White Beans with Greens, Garlic and Tomato

You get the colors of the Italian flag, along with fresh flavors in this dish.

By Jill Nussinow, RD,


  • 1 cup white beans, soaked (see notes)*
  • 1 medium onion, diced
  • 6 cloves garlic, minced, half reserved
  • ½ to ⅔ cup low-sodium vegetable broth
  • 1 bunch greens such as kale or collards, chopped, to equal 4-6 cups
  • 3 cups diced heirloom tomatoes or 1 large can unsalted diced tomatoes, drained
  • Pinch of red pepper flakes, or diced hot pepper, if desired
  • ½ teaspoon salt (optional)
  • Black pepper, to taste


  • Pressure Cooker Method:

    Drain the beans and set aside. Heat the pressure cooker over medium heat. Add the onion and sauté for 2 to 3 minutes. Add the garlic and sauté another minute. Add the beans and broth and lock the lid on the cooker. Bring to high pressure over high heat and then reduce the heat. Cook for 5 minutes. Remove from the heat and let the pressure come down naturally. Carefully open the lid, tilting it away from you.

    Add the greens and stir. Lay the tomatoes on top of the green and beans mixture. Add the pepper flakes or hot pepper now, if using, along with the remaining garlic. Bring to high pressure again for 2 minutes. Remove from the heat and let the pressure come down naturally. Carefully open the lid and add salt and pepper, to taste. Serve hot over quinoa, other whole grain or pasta or as a side dish.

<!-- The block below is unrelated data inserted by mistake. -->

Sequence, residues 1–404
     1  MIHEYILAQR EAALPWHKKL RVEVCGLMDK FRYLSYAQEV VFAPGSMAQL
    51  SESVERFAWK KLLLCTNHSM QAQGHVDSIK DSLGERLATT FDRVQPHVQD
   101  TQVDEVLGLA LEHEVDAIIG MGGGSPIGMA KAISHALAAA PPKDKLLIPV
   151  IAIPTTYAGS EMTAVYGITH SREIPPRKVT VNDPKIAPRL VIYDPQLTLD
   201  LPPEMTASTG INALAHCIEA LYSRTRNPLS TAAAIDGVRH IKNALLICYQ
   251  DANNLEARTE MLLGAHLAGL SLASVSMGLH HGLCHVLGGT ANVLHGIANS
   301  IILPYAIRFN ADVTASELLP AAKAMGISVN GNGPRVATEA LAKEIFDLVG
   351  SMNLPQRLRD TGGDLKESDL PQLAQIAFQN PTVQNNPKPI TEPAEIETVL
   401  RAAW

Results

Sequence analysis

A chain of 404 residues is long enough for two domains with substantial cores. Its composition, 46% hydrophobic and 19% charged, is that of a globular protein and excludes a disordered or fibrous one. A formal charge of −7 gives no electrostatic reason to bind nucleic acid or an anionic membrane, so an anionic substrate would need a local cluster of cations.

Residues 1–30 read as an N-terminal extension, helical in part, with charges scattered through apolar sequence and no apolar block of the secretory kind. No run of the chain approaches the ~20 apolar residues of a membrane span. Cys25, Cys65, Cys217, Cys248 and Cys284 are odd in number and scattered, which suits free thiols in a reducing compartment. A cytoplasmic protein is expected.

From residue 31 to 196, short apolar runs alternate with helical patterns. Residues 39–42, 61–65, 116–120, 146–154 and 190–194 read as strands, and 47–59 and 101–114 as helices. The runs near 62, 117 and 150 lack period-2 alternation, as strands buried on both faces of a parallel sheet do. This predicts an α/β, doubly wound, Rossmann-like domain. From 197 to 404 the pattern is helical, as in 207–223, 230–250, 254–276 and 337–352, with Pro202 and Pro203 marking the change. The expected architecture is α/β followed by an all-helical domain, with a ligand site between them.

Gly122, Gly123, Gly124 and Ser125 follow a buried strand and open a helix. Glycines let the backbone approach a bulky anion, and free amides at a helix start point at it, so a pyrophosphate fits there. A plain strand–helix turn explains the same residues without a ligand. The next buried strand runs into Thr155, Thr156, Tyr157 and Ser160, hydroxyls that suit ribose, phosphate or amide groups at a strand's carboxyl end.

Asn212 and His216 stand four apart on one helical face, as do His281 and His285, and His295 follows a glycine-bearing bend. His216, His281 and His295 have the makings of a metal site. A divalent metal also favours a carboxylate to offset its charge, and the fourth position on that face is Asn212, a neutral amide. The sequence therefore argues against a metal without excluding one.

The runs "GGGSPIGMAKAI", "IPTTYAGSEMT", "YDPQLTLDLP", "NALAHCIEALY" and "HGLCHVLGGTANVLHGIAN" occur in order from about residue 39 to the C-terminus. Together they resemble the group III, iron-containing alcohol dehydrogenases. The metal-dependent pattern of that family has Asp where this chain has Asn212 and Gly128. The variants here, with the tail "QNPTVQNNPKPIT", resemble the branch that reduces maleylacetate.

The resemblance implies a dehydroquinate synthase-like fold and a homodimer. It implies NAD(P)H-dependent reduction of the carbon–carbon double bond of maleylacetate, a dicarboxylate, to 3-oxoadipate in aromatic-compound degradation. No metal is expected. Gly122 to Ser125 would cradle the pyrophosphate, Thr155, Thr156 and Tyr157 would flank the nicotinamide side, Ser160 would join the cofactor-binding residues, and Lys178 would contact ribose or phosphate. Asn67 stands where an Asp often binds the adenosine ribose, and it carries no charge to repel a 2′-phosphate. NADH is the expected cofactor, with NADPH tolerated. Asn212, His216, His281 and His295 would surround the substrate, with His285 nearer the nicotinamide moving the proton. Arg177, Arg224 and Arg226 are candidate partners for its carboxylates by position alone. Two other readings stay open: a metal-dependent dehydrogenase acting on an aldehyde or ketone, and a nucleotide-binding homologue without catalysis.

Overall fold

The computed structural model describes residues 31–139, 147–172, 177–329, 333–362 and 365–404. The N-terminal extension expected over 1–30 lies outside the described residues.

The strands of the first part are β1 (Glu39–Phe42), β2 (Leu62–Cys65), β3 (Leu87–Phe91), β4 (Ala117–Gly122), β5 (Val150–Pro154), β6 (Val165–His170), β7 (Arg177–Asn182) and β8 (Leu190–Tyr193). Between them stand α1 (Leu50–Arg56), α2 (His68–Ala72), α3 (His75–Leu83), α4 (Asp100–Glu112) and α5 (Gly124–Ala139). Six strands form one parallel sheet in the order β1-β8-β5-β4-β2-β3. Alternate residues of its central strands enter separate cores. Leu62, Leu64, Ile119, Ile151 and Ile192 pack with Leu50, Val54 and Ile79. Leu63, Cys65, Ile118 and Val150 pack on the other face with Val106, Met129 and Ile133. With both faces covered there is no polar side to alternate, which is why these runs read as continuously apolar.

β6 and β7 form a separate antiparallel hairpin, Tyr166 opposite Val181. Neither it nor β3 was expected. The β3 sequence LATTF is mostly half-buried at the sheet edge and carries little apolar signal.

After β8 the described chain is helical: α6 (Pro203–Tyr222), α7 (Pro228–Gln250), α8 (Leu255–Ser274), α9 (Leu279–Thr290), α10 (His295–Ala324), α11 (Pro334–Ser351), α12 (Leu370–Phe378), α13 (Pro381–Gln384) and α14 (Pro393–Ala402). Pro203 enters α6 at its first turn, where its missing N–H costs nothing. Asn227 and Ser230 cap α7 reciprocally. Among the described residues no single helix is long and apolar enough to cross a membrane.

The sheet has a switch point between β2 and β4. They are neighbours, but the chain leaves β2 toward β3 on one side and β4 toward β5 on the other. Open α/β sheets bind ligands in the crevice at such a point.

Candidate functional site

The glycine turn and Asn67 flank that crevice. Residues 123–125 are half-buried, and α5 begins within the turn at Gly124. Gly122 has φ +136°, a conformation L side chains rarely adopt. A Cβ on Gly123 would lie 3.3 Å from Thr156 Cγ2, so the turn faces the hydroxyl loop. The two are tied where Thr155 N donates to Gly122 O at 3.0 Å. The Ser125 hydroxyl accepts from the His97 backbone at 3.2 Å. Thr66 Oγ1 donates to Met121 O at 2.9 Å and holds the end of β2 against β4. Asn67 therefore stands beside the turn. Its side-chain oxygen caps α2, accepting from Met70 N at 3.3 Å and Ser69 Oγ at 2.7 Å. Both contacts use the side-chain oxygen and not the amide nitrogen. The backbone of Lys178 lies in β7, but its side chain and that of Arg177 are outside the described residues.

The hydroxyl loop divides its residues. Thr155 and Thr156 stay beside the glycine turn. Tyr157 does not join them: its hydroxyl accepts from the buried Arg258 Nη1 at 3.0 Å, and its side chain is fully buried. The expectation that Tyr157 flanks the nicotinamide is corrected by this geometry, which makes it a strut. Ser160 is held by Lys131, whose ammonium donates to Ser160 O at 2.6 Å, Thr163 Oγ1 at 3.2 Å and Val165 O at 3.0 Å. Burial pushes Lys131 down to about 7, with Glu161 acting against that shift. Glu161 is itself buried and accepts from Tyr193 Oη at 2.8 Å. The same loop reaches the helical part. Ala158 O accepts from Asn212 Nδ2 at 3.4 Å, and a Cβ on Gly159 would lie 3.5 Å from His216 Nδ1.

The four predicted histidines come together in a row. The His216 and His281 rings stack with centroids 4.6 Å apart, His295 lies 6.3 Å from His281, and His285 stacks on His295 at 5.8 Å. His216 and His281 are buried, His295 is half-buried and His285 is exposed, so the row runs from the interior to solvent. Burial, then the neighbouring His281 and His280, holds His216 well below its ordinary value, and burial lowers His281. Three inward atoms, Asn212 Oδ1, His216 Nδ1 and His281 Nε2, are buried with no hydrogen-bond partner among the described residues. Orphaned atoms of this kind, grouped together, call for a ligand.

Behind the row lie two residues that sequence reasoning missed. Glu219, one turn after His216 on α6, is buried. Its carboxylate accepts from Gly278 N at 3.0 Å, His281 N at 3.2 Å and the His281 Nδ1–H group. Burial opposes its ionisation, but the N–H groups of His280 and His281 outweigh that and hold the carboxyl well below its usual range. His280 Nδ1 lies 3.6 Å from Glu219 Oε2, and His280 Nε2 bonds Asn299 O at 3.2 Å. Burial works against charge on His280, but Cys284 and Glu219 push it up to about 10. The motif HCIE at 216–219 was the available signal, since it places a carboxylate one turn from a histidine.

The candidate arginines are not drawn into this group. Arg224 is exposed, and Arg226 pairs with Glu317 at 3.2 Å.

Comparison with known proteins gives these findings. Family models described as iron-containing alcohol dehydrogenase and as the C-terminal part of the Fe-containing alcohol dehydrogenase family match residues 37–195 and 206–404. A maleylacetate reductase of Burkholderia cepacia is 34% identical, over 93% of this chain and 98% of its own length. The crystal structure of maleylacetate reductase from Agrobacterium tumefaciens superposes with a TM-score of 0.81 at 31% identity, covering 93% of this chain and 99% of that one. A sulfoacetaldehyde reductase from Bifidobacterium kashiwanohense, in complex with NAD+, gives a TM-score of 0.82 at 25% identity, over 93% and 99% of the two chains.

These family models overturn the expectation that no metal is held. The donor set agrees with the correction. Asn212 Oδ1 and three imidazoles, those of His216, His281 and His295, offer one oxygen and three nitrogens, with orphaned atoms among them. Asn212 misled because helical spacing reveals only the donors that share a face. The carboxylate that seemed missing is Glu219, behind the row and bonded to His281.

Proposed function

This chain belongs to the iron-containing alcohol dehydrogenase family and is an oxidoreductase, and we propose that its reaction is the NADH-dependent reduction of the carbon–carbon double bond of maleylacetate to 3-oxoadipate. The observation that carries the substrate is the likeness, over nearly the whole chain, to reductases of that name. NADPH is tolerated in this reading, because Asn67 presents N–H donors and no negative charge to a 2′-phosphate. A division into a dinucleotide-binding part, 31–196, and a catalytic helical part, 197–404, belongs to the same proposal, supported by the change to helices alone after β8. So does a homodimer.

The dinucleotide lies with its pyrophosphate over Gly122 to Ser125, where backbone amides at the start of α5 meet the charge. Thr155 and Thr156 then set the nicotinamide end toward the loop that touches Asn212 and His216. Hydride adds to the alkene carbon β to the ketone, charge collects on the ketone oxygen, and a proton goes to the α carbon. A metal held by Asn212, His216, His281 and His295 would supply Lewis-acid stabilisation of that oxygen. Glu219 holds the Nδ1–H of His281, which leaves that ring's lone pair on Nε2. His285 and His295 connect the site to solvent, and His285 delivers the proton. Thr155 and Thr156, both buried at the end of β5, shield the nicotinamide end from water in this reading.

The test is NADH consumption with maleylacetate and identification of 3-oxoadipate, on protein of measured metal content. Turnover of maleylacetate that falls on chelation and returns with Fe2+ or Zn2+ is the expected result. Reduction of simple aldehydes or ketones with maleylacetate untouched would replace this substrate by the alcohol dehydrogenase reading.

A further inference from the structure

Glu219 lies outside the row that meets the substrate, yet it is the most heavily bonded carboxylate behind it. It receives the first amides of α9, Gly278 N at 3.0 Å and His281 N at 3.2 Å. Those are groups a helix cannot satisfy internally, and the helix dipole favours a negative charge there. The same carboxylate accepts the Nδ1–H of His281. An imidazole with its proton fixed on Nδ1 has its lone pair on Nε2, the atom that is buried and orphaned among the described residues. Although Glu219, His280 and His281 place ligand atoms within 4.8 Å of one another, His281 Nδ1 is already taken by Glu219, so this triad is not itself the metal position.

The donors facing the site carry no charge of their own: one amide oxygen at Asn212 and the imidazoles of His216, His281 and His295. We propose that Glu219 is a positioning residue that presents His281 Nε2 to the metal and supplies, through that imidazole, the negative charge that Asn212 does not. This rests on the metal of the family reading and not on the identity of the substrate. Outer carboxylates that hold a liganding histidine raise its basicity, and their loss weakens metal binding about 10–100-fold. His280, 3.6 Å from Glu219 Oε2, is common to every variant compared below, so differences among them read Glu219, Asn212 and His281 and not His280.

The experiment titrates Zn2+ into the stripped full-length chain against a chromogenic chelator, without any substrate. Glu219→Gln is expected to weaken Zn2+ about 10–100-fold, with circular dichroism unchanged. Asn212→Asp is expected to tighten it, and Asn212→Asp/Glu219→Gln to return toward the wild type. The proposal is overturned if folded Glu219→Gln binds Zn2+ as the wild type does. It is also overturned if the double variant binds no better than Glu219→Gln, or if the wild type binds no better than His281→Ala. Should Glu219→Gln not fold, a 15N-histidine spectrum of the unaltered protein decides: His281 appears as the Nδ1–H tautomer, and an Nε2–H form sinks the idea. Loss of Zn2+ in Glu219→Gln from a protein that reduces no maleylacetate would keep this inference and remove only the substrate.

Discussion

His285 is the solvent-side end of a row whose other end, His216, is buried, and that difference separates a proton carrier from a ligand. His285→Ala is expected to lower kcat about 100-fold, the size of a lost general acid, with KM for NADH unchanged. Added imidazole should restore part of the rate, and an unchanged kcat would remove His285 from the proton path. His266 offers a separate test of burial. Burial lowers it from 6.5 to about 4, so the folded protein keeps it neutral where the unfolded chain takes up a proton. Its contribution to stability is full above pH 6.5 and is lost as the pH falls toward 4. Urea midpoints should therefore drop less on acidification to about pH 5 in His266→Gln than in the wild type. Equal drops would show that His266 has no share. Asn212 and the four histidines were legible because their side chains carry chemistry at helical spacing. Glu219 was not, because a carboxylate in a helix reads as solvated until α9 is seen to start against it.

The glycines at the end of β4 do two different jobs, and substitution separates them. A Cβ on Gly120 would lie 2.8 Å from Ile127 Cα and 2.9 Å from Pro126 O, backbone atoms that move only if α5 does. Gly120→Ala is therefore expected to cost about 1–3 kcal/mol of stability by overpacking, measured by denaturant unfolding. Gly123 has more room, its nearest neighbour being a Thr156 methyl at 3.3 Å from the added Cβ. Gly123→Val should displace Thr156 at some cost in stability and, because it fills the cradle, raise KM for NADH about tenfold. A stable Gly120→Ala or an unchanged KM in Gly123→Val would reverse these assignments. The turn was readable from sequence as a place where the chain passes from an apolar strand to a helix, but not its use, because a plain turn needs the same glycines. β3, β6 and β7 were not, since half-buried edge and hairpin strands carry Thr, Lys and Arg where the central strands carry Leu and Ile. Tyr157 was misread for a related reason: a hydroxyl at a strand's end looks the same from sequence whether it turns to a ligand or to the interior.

• Stovetop Method:

    Dry sauté the onions and half the garlic and then add the beans and broth to cover (it will be closer to 1 cup or more). Cook, simmering, until the beans are done, adding liquid as necessary to keep beans covered. Drain off most of the broth, leaving about ¼ cup in the pot.

    Add the greens, tomatoes, pepper flakes, if using, and the remaining garlic. Simmer for up to 10 minutes until the greens are cooked and the tomatoes start to break down. Season to taste. Serve hot over quinoa, other whole grain or pasta or as a side dish.

    Notes: If fresh shelling beans are available, use them. If not, soak your beans overnight or do a quick soak and then cook them quickly in the pressure cooker. No, pressure cooker? It takes much longer on the stovetop but can be done.

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Comments (3)

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PE OConnor

Can you and how would you use canned white beans?

Connie Derrick

I served it over roasted cauliflower and it was very tasty.


Is there no sauce?

About the Author

Headshot of Jill Nussinow, RD

About the Author

Jill Nussinow, RD

Jill Nussinow is a culinary educator, registered dietitian, and author of cookbooks including Vegan Under Pressure: Perfect Vegan Meals Made Quick and Easy in Your Pressure Cooker. Nussinow’s goal is to see everyone leading a healthy, happy life through better eating, and she’s been teaching plant-based cooking for 25 years. She loves to share her passion and joy for plant-based eating through cooking demonstrations, recipes, presentations, and writings. Visit TheVeggieQueen.com and follow her on Twitter and Facebook for updates.
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